Spoons is a card game that was very popular in the Martin household growing up. I’ve played a few variations of it over the years but the general idea remains the same.
- One fewer number of spoons than there are players are placed in the center of the table (a la musical chairs).
- The goal is to get 4-of-a-kind by taking cards the player to your right has discarded, while discarding cards you don’t need to the player to your left.
- When a player has four of a kind in her hand (4 Queens, 4 eights, etc.), she yells out “SPOONS!”
- Everybody must then grab a spoon from the middle of the table and the player left without one gets a “letter.” When you spell S-P-O-O-N-S, you’re out.
Some people play that when you get a set of 4, you don’t actually yell out SPOONS! This adds an element of stealth to the game, as you can casually pick up a spoon without others noticing, causing great commotion when they finally do realize they need to grab one.
Another important rule is that if you touch a spoon before someone has made a set of four, you automatically get a letter; a punishment for your itchy trigger finger. This can be particularly fun when combined with the stealth rule above as players “fake out” opponents by pretending to reach for a spoon and getting them to grab one when they’re not supposed to.
Also, touching your cards before the dealer has finished dealing and pick up hers is also a no-no, and punishable with a letter.
While a fun game in its own right, what makes it awesome is when players take it very, very seriously. Growing up with seven fiercely competitive siblings, the intensity of our games rivalled any game 7 final.
We quickly learned not to use Mom’s “good decks” of cards, knowing how destroyed they would get as the game progressed. Each time SPOONS was yelled out, a full on battle would ensue for the not-quite-enough silverware. A common scum bag tactic would be to grab more than one spoon if you can. While keeping one for himself and after dangling the second spoon just out of reach of the two remaining players stilling needing one, the cruel player would then toss the spoon across the room or down the hall.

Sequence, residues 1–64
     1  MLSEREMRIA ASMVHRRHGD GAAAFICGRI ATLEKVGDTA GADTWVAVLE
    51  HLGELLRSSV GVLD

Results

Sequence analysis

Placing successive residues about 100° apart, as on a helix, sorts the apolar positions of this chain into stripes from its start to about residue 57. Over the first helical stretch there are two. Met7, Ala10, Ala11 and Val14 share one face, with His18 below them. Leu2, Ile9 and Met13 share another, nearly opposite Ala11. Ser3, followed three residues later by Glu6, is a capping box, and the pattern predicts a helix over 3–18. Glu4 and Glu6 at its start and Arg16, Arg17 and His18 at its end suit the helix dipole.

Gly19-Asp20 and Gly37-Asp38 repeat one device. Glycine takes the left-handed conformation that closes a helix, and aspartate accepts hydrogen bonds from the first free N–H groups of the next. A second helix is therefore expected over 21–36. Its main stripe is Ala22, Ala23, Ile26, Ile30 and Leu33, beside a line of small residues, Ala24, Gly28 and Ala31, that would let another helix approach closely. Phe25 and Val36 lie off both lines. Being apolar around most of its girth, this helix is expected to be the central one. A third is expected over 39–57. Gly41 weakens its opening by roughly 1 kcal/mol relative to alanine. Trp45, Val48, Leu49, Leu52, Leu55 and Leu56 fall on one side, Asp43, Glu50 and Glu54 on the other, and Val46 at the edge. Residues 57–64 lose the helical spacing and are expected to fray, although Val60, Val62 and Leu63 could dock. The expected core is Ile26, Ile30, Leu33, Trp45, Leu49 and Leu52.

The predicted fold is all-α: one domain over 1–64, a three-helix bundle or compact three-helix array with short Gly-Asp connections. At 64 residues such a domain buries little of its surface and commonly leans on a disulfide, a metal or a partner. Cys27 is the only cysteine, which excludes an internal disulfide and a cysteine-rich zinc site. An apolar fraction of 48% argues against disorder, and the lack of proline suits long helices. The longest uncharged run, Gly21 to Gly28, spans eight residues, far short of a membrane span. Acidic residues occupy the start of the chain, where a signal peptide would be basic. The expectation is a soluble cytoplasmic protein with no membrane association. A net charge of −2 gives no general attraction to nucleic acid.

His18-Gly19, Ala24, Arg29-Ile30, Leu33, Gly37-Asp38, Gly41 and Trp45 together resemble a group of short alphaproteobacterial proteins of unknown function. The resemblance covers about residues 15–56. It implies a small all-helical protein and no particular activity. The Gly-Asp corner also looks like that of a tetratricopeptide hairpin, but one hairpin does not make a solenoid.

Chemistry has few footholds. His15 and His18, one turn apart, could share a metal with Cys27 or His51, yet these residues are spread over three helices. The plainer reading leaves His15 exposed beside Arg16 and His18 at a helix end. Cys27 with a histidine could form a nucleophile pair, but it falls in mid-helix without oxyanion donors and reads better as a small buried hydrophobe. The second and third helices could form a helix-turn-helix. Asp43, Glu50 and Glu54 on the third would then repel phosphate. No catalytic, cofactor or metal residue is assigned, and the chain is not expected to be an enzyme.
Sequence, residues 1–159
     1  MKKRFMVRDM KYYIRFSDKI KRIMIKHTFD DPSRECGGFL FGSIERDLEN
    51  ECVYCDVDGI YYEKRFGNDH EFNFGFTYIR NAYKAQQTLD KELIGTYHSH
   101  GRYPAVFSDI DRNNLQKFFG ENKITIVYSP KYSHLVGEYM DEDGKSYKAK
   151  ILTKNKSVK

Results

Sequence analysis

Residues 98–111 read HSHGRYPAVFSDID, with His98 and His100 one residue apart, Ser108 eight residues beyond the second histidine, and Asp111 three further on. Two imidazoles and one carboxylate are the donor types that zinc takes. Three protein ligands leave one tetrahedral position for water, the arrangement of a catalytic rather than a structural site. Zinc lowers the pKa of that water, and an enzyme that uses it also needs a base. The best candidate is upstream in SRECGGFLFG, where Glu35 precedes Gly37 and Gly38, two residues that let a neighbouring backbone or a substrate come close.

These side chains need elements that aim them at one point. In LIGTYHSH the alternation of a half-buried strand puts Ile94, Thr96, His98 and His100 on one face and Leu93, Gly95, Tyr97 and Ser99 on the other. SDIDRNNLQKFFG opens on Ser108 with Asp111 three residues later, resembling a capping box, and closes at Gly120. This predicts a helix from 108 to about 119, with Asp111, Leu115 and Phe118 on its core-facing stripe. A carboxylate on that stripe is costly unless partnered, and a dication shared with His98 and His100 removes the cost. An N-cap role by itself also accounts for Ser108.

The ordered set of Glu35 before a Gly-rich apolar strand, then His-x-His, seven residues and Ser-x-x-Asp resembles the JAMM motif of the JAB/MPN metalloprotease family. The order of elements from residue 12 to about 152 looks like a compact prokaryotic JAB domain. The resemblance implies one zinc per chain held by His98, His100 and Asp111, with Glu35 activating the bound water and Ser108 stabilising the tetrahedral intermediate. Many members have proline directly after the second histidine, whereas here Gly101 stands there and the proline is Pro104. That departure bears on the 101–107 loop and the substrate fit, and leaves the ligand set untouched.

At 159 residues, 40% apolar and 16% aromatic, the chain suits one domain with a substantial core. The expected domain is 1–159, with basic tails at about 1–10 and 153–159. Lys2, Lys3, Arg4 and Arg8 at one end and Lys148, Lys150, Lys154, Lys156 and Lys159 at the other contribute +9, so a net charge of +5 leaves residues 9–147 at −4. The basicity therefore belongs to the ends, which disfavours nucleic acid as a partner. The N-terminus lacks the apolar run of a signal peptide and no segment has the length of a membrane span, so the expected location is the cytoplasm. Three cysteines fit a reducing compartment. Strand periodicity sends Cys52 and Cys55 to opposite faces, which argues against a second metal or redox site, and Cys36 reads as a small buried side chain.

Like a sick gladiator exhibition where two combatants are placed in the arena with only one weapon, the two players would charge toward the last spoon and wrestle, kick and scratch each other in a desperate attempt to avoid a letter. Spoons got mangled. Fingers did too. Lamps got knocked over and bodies pushed into walls. More often than not we were told to take our shenanigans outdoors. Of course, that only gave us more space to throw spoons and fight.
I remember a particularly aggressive game of Spoons in University around a friend’s kitchen table. One round I managed to snatch up two spoons. With my friends Jenn and Marie still needing one, I hopped onto the kitchen table and proceeded to do a cocky little jig. Competitors through and through, Jenn and Marie dove onto the table after me, causing it to split in half and we all came crashing to the floor.
We decided to call it a night after that.
What card or other games get you overly competitive? Share your stories in the comments below!
The Backyard Badge celebrates creativity, imagination and finding adventure close to home. Share your own awesome experiences by visiting the Submissions Section. Or add your stories, photos and videos to the Badge of Awesome Facebook Page.